Make us your home page

Move past moodiness and chaos of the past

Adapted from a recent online discussion.

You can break free of the chaos and moodiness of the past

Human flaws: My boyfriend is moody. He is also adorable, creative, smart, a good parent, loving, and many other things. He thinks I'm pretty insecure, and he's right. But my insecurity is limited, mostly, to romantic relationships. Because I grew up in a chaotic and — for lack of a better word — "moody" household, I doubt that the people I love most love me back.

Intellectually I know this isn't true, but I can still feel insecure sometimes. How do I allow someone their moods without feeling like I am being personally rejected? I'm old enough to know better.

Carolyn: Here's what you know: You struggle to trust people; your words for your childhood are "chaotic" and "moody"; your most significant adult relationship is with someone who is "moody."

Here's what you want to know: why you don't trust, and how you can calm your doubts that you're lovable.

What steps are you taking to reconcile these two lists? If your answer is just "I don't know," or if you can list a bunch of things you've tried that haven't made much progress, then please consider counseling.

If instead you have general ideas but lack clarity, consider this. When it comes to intimacy, what's familiar to you is chaos and moodiness. You've sought comfort in the familiar, and now you're in a relationship with someone moody. And you feel as if the adult-you should be able to take these childhood puzzle pieces and master the puzzle by now. And you're upset that you can't.

The thing is, you can't solve your past by re-enacting it in your present (though many do try). Understanding it to the point where you don't need to rethink it anymore — where you truly believe you were unevenly loved as a child not because you deserved that, but instead were just born into it — is the only reliable way to put it to rest.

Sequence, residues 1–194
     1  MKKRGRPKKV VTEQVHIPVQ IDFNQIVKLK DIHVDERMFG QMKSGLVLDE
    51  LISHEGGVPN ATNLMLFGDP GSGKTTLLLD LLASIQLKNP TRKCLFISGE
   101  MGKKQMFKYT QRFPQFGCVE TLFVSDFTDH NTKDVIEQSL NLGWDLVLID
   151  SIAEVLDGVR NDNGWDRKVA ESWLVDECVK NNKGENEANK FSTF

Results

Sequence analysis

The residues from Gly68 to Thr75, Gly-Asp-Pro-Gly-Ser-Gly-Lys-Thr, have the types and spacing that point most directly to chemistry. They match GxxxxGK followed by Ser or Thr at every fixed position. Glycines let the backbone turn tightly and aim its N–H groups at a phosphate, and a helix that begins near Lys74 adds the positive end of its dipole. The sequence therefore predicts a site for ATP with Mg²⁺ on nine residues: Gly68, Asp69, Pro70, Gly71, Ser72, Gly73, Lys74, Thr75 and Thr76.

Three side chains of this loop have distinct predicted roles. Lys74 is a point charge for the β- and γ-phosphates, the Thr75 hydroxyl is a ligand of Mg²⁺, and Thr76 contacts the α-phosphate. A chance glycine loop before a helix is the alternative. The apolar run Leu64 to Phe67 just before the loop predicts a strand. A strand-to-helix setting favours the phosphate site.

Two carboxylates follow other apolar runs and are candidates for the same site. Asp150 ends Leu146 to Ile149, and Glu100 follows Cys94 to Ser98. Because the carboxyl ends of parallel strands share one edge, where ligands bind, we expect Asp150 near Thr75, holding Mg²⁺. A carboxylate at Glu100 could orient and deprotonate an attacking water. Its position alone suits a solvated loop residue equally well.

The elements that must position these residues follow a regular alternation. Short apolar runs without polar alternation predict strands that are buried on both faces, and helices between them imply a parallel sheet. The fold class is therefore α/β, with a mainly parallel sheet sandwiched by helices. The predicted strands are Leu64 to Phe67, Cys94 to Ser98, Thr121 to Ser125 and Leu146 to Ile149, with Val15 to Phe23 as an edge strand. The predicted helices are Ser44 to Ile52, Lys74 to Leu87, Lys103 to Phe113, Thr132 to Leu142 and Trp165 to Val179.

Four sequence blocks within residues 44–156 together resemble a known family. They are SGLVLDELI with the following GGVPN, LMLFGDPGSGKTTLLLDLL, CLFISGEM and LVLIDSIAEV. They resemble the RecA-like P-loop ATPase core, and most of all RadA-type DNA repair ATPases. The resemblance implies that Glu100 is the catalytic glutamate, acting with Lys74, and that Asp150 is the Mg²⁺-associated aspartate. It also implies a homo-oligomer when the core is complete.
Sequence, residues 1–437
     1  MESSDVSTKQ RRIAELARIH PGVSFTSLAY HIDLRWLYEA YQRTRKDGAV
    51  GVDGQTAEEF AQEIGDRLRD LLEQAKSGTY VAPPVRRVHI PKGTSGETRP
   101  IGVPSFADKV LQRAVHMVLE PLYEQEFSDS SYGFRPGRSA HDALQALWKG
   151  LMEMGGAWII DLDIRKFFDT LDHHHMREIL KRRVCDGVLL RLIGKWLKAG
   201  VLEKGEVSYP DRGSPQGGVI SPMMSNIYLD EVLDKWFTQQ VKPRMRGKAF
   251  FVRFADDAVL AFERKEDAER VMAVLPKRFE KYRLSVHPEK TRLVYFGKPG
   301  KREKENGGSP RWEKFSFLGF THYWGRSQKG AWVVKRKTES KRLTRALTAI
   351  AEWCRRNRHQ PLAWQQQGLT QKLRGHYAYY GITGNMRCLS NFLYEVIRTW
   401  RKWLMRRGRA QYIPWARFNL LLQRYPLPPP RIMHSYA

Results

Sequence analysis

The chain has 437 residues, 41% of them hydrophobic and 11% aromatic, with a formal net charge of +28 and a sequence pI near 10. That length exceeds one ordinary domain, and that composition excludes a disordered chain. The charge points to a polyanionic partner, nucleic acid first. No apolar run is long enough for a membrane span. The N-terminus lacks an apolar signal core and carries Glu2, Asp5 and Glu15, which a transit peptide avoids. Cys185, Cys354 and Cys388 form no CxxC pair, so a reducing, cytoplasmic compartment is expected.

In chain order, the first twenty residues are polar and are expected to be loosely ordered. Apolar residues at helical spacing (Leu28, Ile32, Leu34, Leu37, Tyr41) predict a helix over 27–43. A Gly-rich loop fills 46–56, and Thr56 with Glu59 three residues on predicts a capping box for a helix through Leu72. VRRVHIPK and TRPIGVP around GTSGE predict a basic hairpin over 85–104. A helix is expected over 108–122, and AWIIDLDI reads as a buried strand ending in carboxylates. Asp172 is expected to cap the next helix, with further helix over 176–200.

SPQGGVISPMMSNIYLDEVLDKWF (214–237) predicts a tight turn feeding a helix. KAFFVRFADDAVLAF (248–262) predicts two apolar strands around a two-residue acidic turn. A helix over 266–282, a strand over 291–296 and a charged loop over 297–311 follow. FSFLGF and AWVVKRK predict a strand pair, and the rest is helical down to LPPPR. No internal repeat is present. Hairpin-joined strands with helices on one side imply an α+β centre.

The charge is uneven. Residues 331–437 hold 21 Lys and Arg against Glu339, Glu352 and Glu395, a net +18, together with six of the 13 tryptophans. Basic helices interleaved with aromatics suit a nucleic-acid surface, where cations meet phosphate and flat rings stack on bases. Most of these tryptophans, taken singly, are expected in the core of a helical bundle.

Human again: He's the first man I've ever trusted this much — despite his moodiness (which isn't toxic, I should clarify). I guess you're saying that if I don't really believe he loves me then I don't truly trust him?

I understand the overall dynamic through therapy years ago. In some ways I appreciate his moodiness — he's sensitive and that's to my benefit. I just need to find a way to not internalize other people's emotions, if that makes sense?

Carolyn: It's not about trusting him, it's about trusting yourself — to be lovable, and to survive it and move on if someone falls out of love with you. It happens to everybody.

When you develop your emotional habits amid an erratic supply of warm attention, it's normal for your focus to become the steadiness of your supply: Is this going to disappear tomorrow? Will it ever come back? What can I do to keep it?

It would be helpful if you trusted your boyfriend to provide a steady supply of love, yes, but that's still counting on someone else. You need to be able to count on you, to be okay on your own, in the absence of another's affection — be it for 15 minutes or 15 years. Then you'd feel as if another's warmth was serving you, versus you serving it.

Move past moodiness and chaos of the past 11/17/10 [Last modified: Wednesday, November 17, 2010 3:30am]
Photo reprints | Article reprints

Copyright: For copyright information, please check with the distributor of this item, Washington Post.

Join the discussion: Click to view comments, add yours